Season 18 – Story 109
“There’s something called an Experiential Grid – cells of different environments designed to produce physical, psychic and intellectual regeneration. That sounds more like it, don’t you think, Doctor?” – Romana
Having braved out-of-season Brighton, where K•9 blows up in the waves, the Doctor and Romana transfer their holiday plans to the more stimulating environment of Argolis, c2290. An interplanetary war has left the planet surface irradiated and its inhabitants sterile. The few surviving Argolins have retreated to the Leisure Hive, a recreation centre for alien visitors that promotes scientific endeavour and interracial understanding. But a warlike Argolin, Pangol, has a hidden purpose for the Hive’s Tachyon Recreation Generator – which also becomes the focus for reptilian Foamasi saboteurs and ages the Doctor by 500 years…
Part 1 – Saturday 30 August 1980
Part 2 – Saturday 6 September 1980
Part 3 – Saturday 13 September 1980
Part 4 – Saturday 20 September 1980
Location filming: March 1980 on Brighton beach, East Sussex
Studio recording: April 1980 in TC1 and TC3
Doctor Who – Tom Baker
Romana – Lalla Ward
Voice of K•9 – John Leeson
Mena – Adrienne Corri
Morix – Laurence Payne
Pangol – David Haig
Brock – John Collin
Hardin – Nigel Lambert
Vargos – Martin Fisk
Stimson – David Allister
Guide – Roy Montague
Klout – Ian Talbot
Foamasi – Andrew Lane
Tannoy voice – Harriet Reynolds
Generator voice – Clifford Norgate
Writer – David Fisher
Designer – Tom Yardley-Jones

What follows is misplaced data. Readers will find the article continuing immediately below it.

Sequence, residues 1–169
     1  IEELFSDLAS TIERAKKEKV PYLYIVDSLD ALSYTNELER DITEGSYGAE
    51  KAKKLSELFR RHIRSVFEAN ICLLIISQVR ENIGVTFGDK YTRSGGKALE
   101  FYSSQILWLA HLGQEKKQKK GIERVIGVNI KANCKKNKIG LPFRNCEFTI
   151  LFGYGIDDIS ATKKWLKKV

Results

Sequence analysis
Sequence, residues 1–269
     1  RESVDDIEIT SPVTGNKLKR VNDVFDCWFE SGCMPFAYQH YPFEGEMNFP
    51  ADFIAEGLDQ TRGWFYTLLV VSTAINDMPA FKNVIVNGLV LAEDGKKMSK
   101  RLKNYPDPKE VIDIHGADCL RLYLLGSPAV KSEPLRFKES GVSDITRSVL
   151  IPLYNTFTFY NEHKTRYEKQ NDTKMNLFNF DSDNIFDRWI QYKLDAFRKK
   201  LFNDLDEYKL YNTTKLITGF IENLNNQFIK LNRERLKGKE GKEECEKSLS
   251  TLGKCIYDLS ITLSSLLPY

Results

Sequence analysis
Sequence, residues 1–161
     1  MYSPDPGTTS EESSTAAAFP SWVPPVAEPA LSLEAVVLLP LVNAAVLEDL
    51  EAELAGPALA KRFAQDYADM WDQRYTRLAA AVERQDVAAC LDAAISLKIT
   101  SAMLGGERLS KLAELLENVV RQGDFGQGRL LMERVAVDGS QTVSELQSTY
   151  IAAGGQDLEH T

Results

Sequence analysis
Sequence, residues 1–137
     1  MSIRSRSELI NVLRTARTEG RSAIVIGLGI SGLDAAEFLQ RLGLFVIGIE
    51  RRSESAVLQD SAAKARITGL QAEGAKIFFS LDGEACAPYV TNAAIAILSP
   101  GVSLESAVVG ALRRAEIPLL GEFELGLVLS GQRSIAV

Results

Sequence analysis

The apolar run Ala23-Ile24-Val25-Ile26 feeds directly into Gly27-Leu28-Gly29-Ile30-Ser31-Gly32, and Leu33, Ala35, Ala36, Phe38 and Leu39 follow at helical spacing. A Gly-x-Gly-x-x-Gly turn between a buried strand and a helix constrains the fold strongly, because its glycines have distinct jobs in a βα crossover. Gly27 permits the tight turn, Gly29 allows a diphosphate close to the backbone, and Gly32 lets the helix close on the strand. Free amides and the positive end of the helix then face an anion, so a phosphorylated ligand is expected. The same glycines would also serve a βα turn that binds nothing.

Incidental music – Peter Howell
Script editor – Christopher H Bidmead
Executive producer – Barry Letts
Producer – John Nathan-Turner
Director – Lovett Bickford
RT Review by Patrick Mulkern
One could base a thesis around the enigmatic shot that opens the first full Doctor Who story of the 1980s – an extraordinary, minute-and-a-half pan past a parade of stripy bathing huts on Brighton beach.
Does it merely signify director Lovett Bickford’s desire to put an auteur’s stamp on a TV script he was determined to treat as a screenplay? Cineastes could be forgiven for wondering, momentarily, if the BBC has engaged the services of Luchino Visconti. An Edwardian beachscape, an androgynous blonde in a sailor suit playing with a beach ball, observed from a deckchair by a faded old roué with death on his shoulder… It’s all very Death in Venice.
Perhaps the phrase “camp as a row of…” springs to mind. For many, in hindsight, this furtive crawl past a row of gaudy tents on a dreary day in Brighton foreshadows, nay crystallises, the direction in which new producer and Saltdean resident John Nathan-Turner would take “his show” during the next decade.
Of course, a simple answer could be that on the first day’s filming Tom Baker was too ill to work – which he was – and the crew had to get something in the can to justify their sojourn to the south coast.
The Leisure Hive debuted on the last Saturday of the summer holidays in 1980, and I remember being blown away by the radical change in tone and quantum leap in quality. Understandably, many fans lamented the nixing of the freefalling Tomfoolery of the mid-Baker period, but how I’d longed for Doctor Who to take itself seriously again.
Such was the intention of the incoming production team: Nathan-Turner (summarily elevated from production unit manager), who disliked how silly the series had become, and his lofty script editor Christopher H Bidmead. Both were answerable to Barry Letts, the early 1970s Who guru now ensconced as the programme’s first executive producer. For all three, a more serious, scientific approach was the order of the day.
Despite a nagging worry about the triumph of style over substance, I’ve no shame in admitting I enjoy season 18 and that I’ve always adored The Leisure Hive. It’s up there among my top Tom Bakers with classics from season 13 and the Key to Time. It may not be the greatest story ever told, but I admire its panache. It has the wow factor. Even now it’s an audio-visual blast.